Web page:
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Mstislav Osipov
Mstislav Osipov

Subway (1985)1985 ((BETTER))

Éric Serra's score and other musical pieces from the soundtrack, such as Fred's band's song, "It's Only Mystery" (also written by Serra), were released on vinyl and cassette in 1985. The soundtrack sold over 100,000 copies in France.[7] The soundtrack was released on CD in 1996.[8]

Subway (1985)1985

This is exactly the "Christopher Lambert hides out in the Paris subway system to avoid the gangsters who are trying to kill him and forms a rock band to pass the time while Isabelle Adjani tries out a variety of astonishing hairstyles and also there's a guy on rollerskates" film that I never knew that I needed in my life.

Car chases, explosions, roller skates (not blades) with headlights attached to them, perpetual sex hair (nobody is having any sex), bodybuilders, slappin' bass, sweet sax, and a labyrinthine Parisian subway that houses an underground society of criminals and more! Isabelle Adjani ? has the perfect hairstyles. Her hair is so good they had to put it smack-dab on the cover! She also has the best outfits out of everyone in the movie.

Ferdinando Scianna started taking photographs in the 1960s while studying literature, philosophy and art history at the University of Palermo. He became a Magnum member in 1982 and three years later travelled to New York City, capturing its eccentricities and characters. Pictured here, a young man on the subway in 1985.

1985 was a moment in French fashion when punk and post-punk styles were butting up aggressively against the mainstream. Despite its reputation for cutting-edge chic, Paris has always been quite conservative about how people dress in the street, and this, in combination with a growing financial divide, saw those who didn't fit driven out into the more notorious banlieues or literally driven underground. Although there had been people living in the city's disused Métro tunnels at least since the war, what had merely been a refuge was, in the Eighties, become a political option with its own subculture. In setting his film there, Besson was announcing himself as an outsider, as someone who, despite his artsy approach, was willing to break the rules. Aspects of the film - especially its ending - have been compared to Breathless, but where Godard seduced middle class viewers with his handsome imagery, Besson set out to make them uncomfortable.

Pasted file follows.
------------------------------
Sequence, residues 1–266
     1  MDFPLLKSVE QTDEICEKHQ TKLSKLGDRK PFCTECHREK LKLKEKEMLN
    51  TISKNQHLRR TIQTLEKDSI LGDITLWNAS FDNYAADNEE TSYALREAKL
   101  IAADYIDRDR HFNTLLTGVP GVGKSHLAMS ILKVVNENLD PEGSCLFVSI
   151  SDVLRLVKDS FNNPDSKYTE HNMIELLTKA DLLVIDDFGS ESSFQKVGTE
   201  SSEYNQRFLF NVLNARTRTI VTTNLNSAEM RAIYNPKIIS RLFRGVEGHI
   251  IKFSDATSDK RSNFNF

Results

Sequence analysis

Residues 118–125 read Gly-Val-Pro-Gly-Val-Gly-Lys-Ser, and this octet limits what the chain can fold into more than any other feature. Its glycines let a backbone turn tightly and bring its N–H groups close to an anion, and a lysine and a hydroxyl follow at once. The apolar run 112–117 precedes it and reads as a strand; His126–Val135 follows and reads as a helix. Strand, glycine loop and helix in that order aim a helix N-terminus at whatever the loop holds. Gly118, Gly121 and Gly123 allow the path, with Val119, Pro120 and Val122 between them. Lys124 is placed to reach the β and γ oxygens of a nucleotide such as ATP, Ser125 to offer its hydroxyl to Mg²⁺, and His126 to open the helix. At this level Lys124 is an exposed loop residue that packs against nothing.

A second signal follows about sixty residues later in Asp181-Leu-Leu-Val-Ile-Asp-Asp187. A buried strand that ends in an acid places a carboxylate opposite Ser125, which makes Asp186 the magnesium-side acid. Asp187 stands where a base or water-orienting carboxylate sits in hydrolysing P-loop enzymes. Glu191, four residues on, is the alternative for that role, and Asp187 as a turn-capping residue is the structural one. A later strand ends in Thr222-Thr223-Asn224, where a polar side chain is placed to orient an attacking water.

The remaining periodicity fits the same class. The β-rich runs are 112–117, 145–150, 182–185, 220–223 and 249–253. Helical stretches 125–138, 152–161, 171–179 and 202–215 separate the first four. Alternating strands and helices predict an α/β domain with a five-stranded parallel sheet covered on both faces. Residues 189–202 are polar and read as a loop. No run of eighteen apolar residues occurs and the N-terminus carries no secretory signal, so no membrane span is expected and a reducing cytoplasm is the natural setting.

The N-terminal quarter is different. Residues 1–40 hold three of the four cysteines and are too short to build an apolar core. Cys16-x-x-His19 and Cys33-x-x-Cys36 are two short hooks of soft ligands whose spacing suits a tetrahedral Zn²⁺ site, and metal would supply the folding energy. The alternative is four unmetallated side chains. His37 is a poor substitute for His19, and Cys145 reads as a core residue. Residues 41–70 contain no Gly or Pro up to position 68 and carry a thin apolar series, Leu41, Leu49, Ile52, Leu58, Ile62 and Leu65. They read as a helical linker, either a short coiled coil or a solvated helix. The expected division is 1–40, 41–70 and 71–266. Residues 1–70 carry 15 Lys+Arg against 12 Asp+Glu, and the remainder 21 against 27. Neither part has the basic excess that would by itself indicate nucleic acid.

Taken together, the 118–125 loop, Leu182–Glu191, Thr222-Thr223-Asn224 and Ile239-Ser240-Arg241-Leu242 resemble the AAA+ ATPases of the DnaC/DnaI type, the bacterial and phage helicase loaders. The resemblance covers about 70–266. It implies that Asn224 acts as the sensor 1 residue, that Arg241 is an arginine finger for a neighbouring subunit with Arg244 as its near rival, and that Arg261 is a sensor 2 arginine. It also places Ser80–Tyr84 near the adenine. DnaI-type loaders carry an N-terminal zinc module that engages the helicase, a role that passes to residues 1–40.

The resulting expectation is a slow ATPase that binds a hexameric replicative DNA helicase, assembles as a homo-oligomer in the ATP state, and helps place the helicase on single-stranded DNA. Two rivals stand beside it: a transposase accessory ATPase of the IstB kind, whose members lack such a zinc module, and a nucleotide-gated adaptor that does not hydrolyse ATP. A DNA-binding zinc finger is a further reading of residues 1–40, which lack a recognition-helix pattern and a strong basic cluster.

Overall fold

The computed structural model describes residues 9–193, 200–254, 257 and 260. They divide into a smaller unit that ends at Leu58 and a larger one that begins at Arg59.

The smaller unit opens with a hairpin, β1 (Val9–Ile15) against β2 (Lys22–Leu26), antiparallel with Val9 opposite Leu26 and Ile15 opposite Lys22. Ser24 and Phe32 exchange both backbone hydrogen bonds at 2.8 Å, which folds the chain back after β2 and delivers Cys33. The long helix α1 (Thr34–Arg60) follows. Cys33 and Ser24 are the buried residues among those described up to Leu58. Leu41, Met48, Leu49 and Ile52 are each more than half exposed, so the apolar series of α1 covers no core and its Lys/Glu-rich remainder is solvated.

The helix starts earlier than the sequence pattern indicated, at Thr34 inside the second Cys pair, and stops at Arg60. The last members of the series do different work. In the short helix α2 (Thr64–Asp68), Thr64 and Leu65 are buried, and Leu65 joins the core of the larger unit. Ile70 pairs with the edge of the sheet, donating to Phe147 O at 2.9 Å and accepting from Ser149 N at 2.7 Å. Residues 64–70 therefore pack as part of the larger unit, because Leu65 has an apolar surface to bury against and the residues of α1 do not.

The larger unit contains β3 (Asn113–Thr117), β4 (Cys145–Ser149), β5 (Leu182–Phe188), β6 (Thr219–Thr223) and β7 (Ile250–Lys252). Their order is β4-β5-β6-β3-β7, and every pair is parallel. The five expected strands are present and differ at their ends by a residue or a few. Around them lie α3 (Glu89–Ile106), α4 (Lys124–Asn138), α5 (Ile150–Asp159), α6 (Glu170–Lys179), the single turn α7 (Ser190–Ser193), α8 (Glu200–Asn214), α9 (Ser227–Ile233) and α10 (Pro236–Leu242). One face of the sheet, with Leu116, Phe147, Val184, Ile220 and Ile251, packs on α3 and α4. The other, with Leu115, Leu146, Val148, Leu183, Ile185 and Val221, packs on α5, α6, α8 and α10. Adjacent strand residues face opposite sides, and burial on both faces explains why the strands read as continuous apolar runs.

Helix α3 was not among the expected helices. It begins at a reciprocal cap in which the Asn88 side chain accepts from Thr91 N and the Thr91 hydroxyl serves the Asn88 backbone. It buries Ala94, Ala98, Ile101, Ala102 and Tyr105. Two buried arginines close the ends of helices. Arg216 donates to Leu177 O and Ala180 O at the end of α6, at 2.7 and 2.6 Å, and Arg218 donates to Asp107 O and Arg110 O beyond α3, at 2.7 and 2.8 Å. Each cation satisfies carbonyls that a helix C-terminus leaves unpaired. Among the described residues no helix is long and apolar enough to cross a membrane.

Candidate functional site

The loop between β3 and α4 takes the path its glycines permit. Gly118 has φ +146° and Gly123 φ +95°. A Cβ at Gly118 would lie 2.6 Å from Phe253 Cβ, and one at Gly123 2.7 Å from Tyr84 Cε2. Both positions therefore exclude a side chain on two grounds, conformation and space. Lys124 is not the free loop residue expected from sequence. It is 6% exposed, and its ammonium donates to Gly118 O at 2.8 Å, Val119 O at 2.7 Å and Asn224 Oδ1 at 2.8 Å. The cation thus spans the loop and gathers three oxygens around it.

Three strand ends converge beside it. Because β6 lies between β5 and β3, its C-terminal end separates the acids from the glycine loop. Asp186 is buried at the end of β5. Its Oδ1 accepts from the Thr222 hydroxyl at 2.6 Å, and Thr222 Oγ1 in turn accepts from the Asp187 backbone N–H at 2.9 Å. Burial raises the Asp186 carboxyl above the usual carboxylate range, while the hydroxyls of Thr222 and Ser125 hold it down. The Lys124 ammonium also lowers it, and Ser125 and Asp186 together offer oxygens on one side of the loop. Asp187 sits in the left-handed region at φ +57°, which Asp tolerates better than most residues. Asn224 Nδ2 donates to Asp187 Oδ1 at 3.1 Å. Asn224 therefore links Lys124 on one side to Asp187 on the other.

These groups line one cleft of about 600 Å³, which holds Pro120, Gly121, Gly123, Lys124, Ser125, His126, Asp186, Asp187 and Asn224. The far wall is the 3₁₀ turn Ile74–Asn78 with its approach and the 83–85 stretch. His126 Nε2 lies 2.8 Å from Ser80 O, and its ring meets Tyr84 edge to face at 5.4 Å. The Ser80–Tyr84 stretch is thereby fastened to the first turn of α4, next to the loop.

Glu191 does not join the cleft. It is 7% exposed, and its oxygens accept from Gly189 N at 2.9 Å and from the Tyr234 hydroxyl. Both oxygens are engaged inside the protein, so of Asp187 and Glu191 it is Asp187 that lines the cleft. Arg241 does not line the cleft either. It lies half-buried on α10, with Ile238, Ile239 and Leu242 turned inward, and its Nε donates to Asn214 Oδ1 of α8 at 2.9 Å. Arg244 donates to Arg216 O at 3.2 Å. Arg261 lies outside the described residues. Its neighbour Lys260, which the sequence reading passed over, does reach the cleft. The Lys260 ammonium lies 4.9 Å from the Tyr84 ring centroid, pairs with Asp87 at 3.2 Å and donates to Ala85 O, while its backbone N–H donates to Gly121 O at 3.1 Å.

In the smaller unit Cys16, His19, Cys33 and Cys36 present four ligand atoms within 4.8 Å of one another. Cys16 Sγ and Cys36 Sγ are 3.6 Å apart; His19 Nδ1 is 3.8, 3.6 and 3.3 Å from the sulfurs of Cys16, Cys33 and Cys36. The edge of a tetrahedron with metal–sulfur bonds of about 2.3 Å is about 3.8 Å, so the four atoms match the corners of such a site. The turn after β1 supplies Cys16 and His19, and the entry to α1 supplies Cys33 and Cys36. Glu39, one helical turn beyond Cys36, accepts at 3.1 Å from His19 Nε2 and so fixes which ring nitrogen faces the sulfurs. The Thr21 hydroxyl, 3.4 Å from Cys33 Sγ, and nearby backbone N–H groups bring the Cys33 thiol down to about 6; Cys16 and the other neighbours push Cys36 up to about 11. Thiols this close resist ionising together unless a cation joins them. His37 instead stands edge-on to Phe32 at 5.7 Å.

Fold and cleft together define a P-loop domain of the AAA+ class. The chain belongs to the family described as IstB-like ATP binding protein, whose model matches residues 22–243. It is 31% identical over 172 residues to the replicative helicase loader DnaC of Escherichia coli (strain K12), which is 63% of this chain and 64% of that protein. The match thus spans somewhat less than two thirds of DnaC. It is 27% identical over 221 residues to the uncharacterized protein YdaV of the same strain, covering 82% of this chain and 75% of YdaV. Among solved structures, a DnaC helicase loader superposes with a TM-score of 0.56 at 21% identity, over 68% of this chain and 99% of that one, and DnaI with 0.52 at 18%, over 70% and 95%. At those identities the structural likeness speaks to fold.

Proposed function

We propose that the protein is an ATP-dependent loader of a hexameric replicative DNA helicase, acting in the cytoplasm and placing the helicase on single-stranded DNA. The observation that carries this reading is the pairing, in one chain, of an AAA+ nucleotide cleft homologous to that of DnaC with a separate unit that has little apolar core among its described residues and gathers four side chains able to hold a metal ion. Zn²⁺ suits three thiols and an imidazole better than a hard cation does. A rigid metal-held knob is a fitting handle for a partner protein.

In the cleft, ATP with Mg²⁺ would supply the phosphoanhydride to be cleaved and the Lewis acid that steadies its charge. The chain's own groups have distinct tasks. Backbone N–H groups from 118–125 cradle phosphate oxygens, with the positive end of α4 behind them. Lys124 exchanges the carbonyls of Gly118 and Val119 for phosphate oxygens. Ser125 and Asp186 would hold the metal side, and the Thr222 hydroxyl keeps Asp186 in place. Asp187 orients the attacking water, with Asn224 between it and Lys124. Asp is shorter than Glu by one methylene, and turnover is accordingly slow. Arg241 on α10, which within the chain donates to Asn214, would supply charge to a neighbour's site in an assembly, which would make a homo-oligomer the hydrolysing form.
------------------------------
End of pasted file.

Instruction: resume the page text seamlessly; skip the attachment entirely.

In the background of the image, there is a blurred, abstract pattern of bright lights and dark shadows, suggesting the underground environment of the subway where the scene is taking place. The image is shot in a high-contrast style, with deep shadows and bright highlights emphasizing Reno's features and the textures of his clothing.

Fred (Christopher Lambert) escapes from gangsters stealing some important papers and crashes into the Paris Metro. He in his tux is hiding out in the subway. He negotiates an exchange for ten grand from the gangster's trophy wife Héléna (Isabelle Adjani) but she doesn't pay. He befriends roller-skating thief Jean-Louis whom the cops call Le Roller. Roller introduces him to the underground world of the underground. Roller has a gun and a scheme to rob the weekly subway money transfer.This is full of the Euro-fun style of Luc Besson. It's full of memorable characters. One of them is Jean Reno as the nameless drummer. The plot is a bit meandering but the visual imagery is unforgettable. Roller skating down the escalator is fun action and Besson injects music like in a music video. The cops are a little inferior stylistically although Batman and Robin is a fun name.

The dispute now is over the proper amount to be deducted as an equitable adjustment for the elimination of a specific *23 part of the work that General Railway Signal Co. (GRS) contracted to perform on defendant WMATA's subway system. On January 17, 1979, WMATA's contract officer set the deduction at $1,336,500, and that amount was withheld from progress payments to GRS. Pursuant to the disputes clause of the contract, the parties submitted the issue to the Army Corps of Engineers Board of Contract Appeals (the Board). The Board fixed the credit due WMATA at $1,403,325, and WMATA's general manager adopted that amount as his final decision on April 17, 1984.

On consideration of plaintiff's complaint to review the general manager's decision adopting the Board's recommendation, the Court on November 14, 1984 held that the Board's finding was not supported by substantial evidence and was erroneous as a matter of law. The Court then remanded the case to the Board "with direction to determine a reasonable cost estimate within 90 days, plus interest as provided by law." On January 30, 1985, the Court denied WMATA's motion to stay proceedings pending appeal and ordered the WMATA general manager to issue a decision within seven days of the Board's determination of the remand.